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Smithsonian National Museum of Natural History

Nephrite Perfume Bottle

Carved dark green nephrite jade in a perfume bottle. Lot described as
Photo by Ken Larsen. Click to zoom.
Catalog Number NMNH G8835-00
Locality Russia Ca.

Gift of Mrs. Virginia K. Kampf in 1981.

The name jade is applied to two different minerals that have similar physical properties, nephrite and jadeite. Nephrite ranges from creamy white to green to almost black in color. Jadeite is white or green, rarely purple, and sometimes all three colors within a single piece. Translucent, emerald green jadeite is called imperial jade and is the most precious of all jade. Jade is valued for its color and also it toughness, or resistance to breaking. The latter property has made jade useful historically for making weapons and tools, as well as for delicate carvings. From as early as 1000 BC the Chinese were making weapons and ornaments from a green stone they called “yu,” now known as nephrite. Nephrite is found in Russia, New Zealand, Taiwan, British Columbia and the U.S. and is more common than jadeite, which is mainly found in Burma and Guatemala.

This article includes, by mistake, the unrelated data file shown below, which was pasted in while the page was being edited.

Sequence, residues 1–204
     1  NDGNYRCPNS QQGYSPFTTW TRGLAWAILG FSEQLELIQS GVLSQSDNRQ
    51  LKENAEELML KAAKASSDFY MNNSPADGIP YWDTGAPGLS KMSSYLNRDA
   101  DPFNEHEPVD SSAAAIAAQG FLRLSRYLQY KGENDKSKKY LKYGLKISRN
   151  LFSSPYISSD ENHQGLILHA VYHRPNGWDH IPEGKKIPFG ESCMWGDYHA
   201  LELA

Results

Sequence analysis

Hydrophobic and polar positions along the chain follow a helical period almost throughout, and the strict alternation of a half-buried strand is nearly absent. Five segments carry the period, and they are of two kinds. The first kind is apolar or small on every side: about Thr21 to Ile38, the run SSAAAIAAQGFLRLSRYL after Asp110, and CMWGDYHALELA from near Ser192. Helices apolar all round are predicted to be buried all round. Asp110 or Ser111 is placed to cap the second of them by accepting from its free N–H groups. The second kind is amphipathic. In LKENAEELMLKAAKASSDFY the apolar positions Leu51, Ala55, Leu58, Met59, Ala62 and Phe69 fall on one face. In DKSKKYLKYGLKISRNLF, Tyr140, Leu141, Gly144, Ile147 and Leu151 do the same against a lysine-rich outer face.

This beautiful nephrite perfume bottle is accented with a floral swag motif in yellow gold. It is a translucent green color and was probably made in the early 1900s. Engraved on the inside gold rim is “Frank Hyams, LTD, 120 New Bond St. W.”  Frank Hyams was a jeweler, silversmith, and watchmaker and had stores in New Zealand (founded 1885) and London, England. He specialized in high-end jewelry, silverware, watches, and china along with a strong focus on New Zealand greenstone (nephrite). Mr. Hyams had the native greenstone, which was associated with the Maori race from early records, set in jewelry and curios. Frank Hyams was the leading manufacturer and dealer of New Zealand greenstone at the time. The nephrite perfume bottle was donated to the Smithsonian in 1981 by Mrs. Virginia Kettering Kampf and is a “treasure from the vault” at the National Museum of Natural History.



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